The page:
Sample Scholarship Essays

Night

Night Paper
Night is told by Eliezer, a Jewish teenager who lives in the town of Sighet, in Hungarian Transylvania. Eliezer studies the Torah. His study is stopped, when his teacher, Moshe the Beadle, gets deported. Few months later, Moshe returns to Siget telling a horrifying story that the Gestapo took control of his train and led everyone into the woods, where they killed everyone. Nobody believes Moshe and he is taken for a crazy lunatic. In the spring of 1944, the Nazis occupied Hungary. The Jews of Eliezer’s town are forced into small houses within their town. Soon they are put into cattle cars, and after days and nights crammed into the car, they are all exhausted and near starvation, they arrive at Birkenau, the gateway to Auschwitz. Upon their arrival, Eliezer and his father are separated from his mother and sisters, which they never see again. Eliezer and his father seem to pass the evaluation whether they should be killed or put to work, but before they are brought to the prisoners’ barracks, they stumble upon the a pit where the Nazis are burning babies. The Jewish arrivals are stripped, shaved and treated with cruelty. Later the Nazis took them from Birkenau to the main concentration camp, Auschwitz. They got to Buna, a work camp, where Eliezer is put to work in an -electrical-fittings factory. The guard forces Eliezer to give him his gold tooth, which they take out with a gold spoon. Eliezer begins to lose his faith in God. A couple moths later, Eliezer has an operation on his foot. While he is in the camp, the Nazis evacuated the camp because the Russians are charging and are close freeing Buna. In a blizzard, the prisoners are forced to run for fifty miles to the Gleiwitz concentration camp. Many died because of the horrible weather and exhaustion. The prisoners are put into cattle cars again and lead on another deadly journey, but only few lived after they reached the concentration camp, Buchenwald. Eliezer and his father survived by staying together but in Buchenwald, Eliezer’s father dies of physical abuse. Eliezer survives until the day that the American army liberates the camp.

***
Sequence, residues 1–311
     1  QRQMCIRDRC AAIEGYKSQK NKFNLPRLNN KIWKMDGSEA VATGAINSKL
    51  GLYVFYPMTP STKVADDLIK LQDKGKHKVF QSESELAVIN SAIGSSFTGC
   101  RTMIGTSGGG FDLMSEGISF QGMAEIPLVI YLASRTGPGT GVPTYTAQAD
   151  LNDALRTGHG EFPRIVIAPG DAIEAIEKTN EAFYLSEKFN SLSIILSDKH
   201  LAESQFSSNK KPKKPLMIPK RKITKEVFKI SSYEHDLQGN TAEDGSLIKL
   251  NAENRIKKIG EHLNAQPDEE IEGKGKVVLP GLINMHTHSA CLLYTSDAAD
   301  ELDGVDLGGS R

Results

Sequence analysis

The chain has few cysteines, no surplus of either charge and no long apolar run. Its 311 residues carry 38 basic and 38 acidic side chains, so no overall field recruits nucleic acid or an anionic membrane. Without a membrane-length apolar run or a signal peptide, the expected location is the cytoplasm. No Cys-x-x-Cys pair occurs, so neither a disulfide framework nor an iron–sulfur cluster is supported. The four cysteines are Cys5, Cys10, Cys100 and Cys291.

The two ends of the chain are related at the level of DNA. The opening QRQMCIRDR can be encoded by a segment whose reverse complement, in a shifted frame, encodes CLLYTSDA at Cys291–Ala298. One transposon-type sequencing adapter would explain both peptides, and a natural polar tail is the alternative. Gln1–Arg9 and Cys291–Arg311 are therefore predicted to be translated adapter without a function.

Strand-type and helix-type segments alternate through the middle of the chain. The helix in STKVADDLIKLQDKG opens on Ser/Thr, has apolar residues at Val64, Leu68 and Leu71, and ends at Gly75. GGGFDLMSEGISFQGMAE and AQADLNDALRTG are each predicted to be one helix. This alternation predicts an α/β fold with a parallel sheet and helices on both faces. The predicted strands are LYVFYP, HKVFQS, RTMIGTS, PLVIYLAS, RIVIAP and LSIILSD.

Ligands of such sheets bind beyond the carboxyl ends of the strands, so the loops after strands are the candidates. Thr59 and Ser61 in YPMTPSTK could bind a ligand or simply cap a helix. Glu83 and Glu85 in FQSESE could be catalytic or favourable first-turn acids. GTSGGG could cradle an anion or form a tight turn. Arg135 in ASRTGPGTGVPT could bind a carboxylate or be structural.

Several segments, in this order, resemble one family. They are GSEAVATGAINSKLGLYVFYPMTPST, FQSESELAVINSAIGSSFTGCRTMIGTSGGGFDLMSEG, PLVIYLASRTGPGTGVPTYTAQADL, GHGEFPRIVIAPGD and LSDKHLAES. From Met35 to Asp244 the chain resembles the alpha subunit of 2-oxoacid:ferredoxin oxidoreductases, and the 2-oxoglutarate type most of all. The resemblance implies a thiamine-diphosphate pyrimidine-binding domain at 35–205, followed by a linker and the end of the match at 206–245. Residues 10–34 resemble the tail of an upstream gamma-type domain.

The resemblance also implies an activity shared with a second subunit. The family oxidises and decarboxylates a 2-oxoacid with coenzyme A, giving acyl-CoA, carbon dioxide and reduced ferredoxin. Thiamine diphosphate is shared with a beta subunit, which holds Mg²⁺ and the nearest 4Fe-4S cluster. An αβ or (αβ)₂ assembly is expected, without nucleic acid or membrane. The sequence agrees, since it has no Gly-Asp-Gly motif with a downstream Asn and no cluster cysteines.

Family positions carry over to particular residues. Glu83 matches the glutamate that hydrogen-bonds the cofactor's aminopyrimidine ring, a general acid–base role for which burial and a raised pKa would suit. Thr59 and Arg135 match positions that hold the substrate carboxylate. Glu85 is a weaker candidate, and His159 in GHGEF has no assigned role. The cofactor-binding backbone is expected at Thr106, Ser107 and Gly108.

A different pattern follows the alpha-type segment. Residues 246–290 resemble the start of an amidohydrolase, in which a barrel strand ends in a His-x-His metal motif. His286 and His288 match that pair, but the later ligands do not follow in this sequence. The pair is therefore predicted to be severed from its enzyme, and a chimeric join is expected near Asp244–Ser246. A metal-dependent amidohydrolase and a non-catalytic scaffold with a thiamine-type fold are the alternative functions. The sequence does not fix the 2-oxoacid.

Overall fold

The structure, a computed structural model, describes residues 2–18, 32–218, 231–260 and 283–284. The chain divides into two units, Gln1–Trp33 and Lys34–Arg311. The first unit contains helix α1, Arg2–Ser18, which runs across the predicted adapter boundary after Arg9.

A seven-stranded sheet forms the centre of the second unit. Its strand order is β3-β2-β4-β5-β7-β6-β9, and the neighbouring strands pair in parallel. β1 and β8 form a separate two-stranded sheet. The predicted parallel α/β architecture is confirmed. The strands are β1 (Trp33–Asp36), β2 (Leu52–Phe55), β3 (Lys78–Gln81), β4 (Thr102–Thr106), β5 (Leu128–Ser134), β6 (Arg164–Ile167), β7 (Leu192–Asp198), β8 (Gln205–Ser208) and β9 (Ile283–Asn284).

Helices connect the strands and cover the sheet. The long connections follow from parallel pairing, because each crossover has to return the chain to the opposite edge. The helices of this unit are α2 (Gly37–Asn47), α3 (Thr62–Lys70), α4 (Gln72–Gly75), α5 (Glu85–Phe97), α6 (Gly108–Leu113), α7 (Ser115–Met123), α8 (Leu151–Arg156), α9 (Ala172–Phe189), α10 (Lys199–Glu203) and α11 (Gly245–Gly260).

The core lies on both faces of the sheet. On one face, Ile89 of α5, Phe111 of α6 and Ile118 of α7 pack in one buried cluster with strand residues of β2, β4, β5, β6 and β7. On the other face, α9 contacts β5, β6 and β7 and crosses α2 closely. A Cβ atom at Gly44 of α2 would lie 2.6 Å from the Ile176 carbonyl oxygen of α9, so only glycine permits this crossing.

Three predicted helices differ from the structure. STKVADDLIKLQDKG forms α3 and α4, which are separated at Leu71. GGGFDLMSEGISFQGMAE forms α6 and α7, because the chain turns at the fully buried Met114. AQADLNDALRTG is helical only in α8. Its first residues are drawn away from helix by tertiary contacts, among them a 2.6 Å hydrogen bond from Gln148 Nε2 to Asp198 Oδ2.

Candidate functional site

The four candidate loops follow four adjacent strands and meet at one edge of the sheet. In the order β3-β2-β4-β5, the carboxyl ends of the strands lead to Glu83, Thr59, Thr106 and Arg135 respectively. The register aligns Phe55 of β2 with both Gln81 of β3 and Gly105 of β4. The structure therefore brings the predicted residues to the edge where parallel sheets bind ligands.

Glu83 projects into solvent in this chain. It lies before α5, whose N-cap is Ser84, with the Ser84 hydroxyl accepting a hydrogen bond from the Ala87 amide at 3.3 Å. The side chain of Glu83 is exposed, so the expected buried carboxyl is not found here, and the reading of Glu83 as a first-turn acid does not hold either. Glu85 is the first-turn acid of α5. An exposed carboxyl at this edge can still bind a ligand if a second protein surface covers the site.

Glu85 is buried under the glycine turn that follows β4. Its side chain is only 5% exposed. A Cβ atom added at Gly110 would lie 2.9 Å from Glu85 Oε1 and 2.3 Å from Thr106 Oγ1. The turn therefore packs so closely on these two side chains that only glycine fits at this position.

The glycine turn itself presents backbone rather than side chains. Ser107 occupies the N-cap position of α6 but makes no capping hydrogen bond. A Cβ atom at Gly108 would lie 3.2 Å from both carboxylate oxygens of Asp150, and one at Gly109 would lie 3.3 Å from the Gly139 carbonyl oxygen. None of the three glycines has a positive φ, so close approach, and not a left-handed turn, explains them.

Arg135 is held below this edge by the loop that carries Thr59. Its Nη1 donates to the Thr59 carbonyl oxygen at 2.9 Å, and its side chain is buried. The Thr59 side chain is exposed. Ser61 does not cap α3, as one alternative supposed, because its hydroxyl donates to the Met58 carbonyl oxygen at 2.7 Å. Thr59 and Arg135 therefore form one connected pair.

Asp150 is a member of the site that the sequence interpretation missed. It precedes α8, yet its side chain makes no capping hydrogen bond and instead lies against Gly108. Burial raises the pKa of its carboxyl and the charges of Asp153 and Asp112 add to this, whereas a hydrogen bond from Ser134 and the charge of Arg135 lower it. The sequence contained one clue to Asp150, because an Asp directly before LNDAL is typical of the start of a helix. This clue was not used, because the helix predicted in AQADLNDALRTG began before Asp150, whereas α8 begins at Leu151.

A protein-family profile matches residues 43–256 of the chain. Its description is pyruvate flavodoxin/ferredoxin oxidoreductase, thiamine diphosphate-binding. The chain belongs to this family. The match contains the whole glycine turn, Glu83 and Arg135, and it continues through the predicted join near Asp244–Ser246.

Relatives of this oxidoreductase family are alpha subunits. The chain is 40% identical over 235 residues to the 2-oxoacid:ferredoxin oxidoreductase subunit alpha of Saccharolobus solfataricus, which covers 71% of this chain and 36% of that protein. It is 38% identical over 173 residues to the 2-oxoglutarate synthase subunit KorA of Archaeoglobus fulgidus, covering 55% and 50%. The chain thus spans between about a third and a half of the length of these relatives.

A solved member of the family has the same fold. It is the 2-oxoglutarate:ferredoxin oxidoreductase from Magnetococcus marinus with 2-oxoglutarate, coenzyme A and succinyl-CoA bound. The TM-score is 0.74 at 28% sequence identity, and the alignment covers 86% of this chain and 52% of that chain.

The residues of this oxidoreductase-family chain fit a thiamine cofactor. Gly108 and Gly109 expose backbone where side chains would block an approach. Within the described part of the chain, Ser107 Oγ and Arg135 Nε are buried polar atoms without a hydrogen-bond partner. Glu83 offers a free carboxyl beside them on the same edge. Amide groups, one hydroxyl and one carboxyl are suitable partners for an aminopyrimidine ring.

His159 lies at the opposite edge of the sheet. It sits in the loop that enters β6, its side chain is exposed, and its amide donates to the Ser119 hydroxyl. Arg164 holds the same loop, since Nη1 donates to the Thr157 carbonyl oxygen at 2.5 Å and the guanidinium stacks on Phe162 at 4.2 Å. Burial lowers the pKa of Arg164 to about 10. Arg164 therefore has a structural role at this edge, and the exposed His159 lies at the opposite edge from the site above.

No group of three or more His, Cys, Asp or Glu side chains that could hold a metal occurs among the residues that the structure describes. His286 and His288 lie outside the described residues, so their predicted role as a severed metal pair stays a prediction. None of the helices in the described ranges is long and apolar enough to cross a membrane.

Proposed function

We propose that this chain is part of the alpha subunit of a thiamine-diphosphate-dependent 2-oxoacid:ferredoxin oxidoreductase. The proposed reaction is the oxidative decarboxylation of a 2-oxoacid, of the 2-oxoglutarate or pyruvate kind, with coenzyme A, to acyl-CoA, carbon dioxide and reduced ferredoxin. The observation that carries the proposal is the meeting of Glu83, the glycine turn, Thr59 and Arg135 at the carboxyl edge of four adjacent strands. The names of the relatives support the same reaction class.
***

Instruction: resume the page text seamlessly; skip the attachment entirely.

Eliezer struggles with his faith in Night. At the beginning of the book, his faith in God is very strong and when he was asked why he prays, he relpies, “Why did I live? Why did I breathe?” His belief in God is unconditional and he cannot imagine living without having faith in God. But he re-thinks his faith in God during the Holocaust. Eliezer’s faith in the Jewish Torah teachs him that everything on Earth reflects God’s holiness and power. He believes that God is good and God is everywhere in the world so that means the world is great. He doesn’t believe that the concentration camps could possibly reflect well. He wonders how God could be part of such a cruel place. His faith is also torn by the selfishness among the other prisoners.